Permit me at the outset to congratulate you on your election as President of the Bureau. On behalf of more than 500 million Indian women (and equal number of men), I wish you all success and hope that you would successfully navigate the Board, in pursuing its goals on gender equality and empowerment of women.
My felicitations to the Executive Director and Under Secretary-General, Madam Michelle Bachelet for her statement and our complements for an extremely insightful and detailed report on the operational activities of UN Women, which has been placed for consideration by the Board.
As we begin the third operational year of UN Women, I would like to recall the goals that we set out in the Strategic Plan when we had just embarked on our first steps, after creation of this entity. We had then called for it, to be ‘ambitious, achievable and results oriented’. Today, at the beginning of the third operational year of UN Women, my delegation is happy to note the significant milestones that UN Women has achieved under the dynamic leadership of Madam Bachelet, in such a short span of time.
I am particularly pleased to learn from the operational activities report that UN Women has made strengthening and expanding ‘partnerships’, its key edifice, while pursuing and implementing its mandate, especially by forging active partnerships with civil society stakeholders, NGOs, academia, media and the business community. We are also happy to learn the unique manner in which social media has been used as part of globally driven communications strategy to achieve an audience of 40 million, through social media alone!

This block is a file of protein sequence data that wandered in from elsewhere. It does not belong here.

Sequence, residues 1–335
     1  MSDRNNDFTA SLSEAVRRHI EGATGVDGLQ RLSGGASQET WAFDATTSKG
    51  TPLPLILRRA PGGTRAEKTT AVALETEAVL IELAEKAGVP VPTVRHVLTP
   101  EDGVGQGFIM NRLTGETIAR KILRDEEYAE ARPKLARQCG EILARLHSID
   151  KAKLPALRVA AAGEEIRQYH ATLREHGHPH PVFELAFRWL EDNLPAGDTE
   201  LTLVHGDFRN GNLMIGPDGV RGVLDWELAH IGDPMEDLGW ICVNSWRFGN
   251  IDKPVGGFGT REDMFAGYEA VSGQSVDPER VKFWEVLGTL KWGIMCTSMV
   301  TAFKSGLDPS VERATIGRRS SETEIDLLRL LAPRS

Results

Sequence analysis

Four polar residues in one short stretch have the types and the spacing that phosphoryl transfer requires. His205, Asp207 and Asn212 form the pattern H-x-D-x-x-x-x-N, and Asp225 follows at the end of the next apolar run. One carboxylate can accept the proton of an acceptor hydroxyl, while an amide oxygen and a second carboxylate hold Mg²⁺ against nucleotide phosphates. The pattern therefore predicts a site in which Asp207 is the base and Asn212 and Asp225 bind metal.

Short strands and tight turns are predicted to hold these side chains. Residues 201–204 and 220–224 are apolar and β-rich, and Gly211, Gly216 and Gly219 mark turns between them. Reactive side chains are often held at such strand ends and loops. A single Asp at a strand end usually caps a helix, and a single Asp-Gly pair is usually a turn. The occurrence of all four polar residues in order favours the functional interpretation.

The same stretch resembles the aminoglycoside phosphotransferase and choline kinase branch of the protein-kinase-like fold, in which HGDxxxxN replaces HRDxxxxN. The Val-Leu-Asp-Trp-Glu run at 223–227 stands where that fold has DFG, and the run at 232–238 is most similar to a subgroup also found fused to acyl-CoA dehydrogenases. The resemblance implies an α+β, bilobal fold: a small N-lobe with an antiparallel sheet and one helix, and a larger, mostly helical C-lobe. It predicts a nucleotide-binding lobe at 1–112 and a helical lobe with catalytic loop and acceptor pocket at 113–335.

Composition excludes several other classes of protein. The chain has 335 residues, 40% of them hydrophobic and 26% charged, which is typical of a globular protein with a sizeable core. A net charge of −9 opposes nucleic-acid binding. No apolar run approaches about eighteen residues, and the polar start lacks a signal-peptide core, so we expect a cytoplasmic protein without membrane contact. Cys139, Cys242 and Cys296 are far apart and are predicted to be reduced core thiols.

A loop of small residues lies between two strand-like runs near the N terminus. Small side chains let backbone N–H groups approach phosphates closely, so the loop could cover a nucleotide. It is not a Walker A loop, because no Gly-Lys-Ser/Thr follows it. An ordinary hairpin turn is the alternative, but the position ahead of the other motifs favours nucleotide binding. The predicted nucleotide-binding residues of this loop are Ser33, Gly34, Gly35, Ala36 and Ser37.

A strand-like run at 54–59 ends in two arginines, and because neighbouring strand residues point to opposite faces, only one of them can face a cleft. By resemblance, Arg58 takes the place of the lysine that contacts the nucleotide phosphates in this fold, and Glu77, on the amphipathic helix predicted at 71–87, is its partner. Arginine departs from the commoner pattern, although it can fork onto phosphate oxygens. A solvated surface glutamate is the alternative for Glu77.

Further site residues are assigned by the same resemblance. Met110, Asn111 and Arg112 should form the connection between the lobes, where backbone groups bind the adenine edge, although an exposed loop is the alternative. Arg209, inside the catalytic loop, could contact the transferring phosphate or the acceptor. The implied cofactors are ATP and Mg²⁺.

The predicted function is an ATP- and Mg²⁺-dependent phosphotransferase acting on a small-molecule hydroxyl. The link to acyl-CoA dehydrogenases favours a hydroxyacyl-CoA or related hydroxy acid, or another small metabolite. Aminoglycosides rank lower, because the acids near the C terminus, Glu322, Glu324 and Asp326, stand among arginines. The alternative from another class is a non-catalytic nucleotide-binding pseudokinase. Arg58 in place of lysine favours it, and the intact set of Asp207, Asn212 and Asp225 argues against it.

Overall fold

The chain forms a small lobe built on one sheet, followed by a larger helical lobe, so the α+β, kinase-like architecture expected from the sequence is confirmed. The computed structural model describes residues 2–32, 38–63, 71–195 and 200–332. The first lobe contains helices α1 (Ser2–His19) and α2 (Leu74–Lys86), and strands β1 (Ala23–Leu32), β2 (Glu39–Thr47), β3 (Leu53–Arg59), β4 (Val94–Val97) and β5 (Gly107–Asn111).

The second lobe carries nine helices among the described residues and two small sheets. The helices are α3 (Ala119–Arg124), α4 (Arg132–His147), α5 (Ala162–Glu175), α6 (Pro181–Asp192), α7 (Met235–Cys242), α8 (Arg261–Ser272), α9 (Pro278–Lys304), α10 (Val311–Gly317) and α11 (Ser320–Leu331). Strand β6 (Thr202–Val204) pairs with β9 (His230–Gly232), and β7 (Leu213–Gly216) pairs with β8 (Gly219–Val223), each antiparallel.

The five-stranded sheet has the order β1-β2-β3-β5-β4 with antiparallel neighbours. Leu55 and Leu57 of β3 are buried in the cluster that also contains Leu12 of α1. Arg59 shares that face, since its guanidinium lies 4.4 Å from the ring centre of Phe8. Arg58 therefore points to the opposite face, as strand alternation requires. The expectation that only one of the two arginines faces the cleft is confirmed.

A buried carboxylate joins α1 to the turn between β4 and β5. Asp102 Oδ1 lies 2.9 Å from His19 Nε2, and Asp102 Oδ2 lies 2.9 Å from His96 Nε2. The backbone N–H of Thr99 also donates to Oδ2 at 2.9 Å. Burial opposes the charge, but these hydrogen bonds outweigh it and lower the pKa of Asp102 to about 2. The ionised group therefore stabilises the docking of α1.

Section IV- D, of the Report on Operational Activities, focuses on the theme of ending violence against women and chronicles UN Women’s efforts in achieving the same. I choose to begin my first submission on that theme today, because it is of particular interest to my delegation, and finds resonance, especially in the aftermath of the horrific rape incident that was witnessed in my capital on 16 December 2012.
Representing a country which is home to more than 500 million women, let me first place on record Mr. President, that for me and for my Government, even one incident of violence against any woman or any girl, is an incident too many, and simply unacceptable.
The edifice of the Indian society is premised on the all embracing power of the Indian woman – which in our ancient thought and religious belief, bestows her the power to create, nurture and transform. She is not only worshipped as ‘Durga’ the goddess of creation, but also as ‘Saraswati’ – the inspiration for all music, poetry, science and learning.
It is therefore absolutely reprehensible that such an horrific tragedy happened on Indian soil. While it would remain a blot on the strong feminist credentials of the Indian societal fabric, the incident indeed shook the whole conscience of our nation at its very roots.
Let me assure you, Mr. President, that the Government of India will ensure that the culprits are brought to speedy justice, and the sternest possible message sent out by giving them the punishment they deserve. The Government of India shares the collective anguish of all Indians, on this most horrific incident, and today’s report of Justice J S Verma’s Committee has suggested ways to initiate a series of steps to ensure that such crimes do not happen again.
We believe in the dictum that: “No country can achieve its full potential without adequately developing the capabilities of its women.” And that is why women in India have always played a pivotal role in shaping our national discourse and policy making. Economic empowerment of Indian women at the grass roots level, especially through the Self-Help Groups has been a hall mark of India ‘s success story. Out of the six million self help groups in India, more than 80% (about 4.8 million) are women’s groups, which have provided microfinance, employment and livelihood, and have made a defining change in the lives of millions of Indian women at the village level.